Damn, but the boys of science just did it to us again…! This time their touted tools — hypothesizing, testing, synthesizing — just crashed another comforting common belief. That crying-it-out is good for you. You’d think they did enough by dismissing Santa, the parting of the Red Sea, and the Lockerbie Monster. But now some researchers at the University of South Florida report “having a good cry” isn’t all that good for you after all.
I mean, do all researchers first have to get a degree in Grinch?
We are advised that science is the route to knowledge, and that dismissing silly old-wives-tales is the map we must take. At this point I can’t resist wondering why so many widowed old wives live into their 90s, while most scientists I read about don’t? But I digress.
Researcher Jonathan Rottenberg tested 100 Dutch women, recording 1004 outburst of tears over a controlled time-span. Conclusion? The tears failed to improve the moods of 61%, only 30% said the felt better, and 9% actually said their tears made them feel worse. The good professor concludes: “The biological purpose of crying isn’t to release sorrow, but to elicit social support. It’s the sympathy not the tears that make people feel better.”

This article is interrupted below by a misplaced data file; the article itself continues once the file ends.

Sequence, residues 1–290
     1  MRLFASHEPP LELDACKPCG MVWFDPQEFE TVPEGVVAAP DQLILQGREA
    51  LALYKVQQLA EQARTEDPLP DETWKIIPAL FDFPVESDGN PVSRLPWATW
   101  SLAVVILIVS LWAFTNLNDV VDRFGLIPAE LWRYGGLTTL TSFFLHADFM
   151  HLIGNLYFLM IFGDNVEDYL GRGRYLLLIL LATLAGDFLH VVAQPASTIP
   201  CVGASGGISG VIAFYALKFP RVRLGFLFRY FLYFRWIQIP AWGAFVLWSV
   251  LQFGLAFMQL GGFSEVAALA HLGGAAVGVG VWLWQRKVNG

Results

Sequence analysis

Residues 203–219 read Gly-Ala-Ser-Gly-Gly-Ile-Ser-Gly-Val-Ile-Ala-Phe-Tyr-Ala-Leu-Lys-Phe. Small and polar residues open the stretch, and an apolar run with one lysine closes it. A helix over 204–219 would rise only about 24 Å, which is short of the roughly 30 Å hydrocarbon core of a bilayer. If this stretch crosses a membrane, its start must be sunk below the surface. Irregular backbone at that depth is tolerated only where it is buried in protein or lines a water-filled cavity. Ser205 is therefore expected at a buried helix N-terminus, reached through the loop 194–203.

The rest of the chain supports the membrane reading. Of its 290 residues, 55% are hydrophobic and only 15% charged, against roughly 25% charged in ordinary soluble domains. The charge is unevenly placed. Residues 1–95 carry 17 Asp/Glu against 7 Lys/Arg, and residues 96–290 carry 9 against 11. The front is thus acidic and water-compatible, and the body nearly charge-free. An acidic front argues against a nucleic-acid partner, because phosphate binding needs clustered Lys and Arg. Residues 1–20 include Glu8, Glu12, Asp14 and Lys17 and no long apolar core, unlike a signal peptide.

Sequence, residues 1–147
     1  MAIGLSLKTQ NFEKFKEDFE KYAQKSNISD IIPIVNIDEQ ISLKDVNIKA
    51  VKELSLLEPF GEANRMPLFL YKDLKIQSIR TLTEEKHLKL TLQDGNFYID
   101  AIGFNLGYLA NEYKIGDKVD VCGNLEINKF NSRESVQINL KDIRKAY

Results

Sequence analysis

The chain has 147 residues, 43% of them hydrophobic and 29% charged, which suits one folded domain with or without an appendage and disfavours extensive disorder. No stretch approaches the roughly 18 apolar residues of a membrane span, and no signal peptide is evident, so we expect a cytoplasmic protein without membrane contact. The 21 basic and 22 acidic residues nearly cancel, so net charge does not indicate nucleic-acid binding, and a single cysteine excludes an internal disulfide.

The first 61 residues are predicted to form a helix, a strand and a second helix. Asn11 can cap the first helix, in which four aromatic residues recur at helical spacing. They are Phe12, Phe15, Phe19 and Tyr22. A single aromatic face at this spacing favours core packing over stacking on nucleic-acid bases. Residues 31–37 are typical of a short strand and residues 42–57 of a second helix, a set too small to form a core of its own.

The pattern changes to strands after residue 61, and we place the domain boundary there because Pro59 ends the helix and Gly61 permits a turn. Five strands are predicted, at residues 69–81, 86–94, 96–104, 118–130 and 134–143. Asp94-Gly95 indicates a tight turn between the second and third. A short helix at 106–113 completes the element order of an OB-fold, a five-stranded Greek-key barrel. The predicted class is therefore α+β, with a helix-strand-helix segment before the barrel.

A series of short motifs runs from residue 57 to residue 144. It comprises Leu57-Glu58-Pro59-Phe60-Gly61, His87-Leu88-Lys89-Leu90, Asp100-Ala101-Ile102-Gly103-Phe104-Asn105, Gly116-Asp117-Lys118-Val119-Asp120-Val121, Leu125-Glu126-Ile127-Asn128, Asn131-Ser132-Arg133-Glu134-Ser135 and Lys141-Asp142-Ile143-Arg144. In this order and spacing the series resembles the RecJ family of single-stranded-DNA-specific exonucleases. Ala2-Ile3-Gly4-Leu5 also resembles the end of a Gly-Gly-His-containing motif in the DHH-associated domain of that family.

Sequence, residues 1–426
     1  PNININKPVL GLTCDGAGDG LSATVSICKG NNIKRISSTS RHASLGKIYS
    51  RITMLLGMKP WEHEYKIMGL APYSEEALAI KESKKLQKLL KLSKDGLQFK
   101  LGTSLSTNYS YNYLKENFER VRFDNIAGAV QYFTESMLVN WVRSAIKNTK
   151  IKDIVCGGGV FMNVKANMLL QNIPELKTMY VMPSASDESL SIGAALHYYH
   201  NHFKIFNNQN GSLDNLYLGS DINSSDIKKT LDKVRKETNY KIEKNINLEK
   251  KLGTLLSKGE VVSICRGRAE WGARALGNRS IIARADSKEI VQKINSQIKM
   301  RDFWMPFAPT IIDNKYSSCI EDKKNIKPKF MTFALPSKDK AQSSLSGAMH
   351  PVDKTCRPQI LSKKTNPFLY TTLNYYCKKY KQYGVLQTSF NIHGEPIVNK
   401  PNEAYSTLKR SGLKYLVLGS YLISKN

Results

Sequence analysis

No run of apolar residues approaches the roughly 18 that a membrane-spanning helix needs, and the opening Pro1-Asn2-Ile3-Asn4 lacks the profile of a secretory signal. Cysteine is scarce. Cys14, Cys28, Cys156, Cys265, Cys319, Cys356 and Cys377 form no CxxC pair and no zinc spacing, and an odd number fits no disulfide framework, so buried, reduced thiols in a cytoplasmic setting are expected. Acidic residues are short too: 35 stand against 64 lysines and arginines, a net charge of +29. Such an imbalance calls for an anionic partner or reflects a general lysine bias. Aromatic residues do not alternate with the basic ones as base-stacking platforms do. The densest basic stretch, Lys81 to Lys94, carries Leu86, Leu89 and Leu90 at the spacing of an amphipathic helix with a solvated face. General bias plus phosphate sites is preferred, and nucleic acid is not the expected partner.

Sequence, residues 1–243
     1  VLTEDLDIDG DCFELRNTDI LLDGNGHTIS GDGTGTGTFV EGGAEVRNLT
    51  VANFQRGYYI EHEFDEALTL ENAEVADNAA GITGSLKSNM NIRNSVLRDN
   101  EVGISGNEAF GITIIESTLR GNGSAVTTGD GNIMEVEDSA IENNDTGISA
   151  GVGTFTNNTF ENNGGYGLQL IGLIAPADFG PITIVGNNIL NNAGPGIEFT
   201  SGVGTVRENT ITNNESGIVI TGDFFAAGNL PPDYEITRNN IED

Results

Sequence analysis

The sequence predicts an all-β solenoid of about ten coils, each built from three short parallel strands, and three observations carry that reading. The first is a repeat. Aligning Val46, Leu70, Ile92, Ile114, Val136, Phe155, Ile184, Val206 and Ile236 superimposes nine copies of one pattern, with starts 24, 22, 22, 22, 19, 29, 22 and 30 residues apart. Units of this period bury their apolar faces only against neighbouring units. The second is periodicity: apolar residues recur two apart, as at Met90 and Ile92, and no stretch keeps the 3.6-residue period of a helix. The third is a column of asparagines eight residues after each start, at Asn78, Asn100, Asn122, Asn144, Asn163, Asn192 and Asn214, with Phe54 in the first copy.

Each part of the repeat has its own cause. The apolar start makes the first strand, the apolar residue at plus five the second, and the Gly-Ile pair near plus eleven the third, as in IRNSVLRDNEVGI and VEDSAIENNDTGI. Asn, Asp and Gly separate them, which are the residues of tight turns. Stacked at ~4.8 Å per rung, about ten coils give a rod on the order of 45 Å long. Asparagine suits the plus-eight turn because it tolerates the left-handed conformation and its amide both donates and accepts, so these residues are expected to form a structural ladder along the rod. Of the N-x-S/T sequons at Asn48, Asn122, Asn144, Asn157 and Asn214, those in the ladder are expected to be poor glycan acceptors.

But then there was no comment on why people cry in private where there is no one from whom to elicit sympathy. Nor was there much made of the alternative premise that humans are more them biology. Nor was there anything said about the world’s great religious and literary works which frequently position crying as pleading to the gods.
Then again, maybe you never had a grandma like mine…
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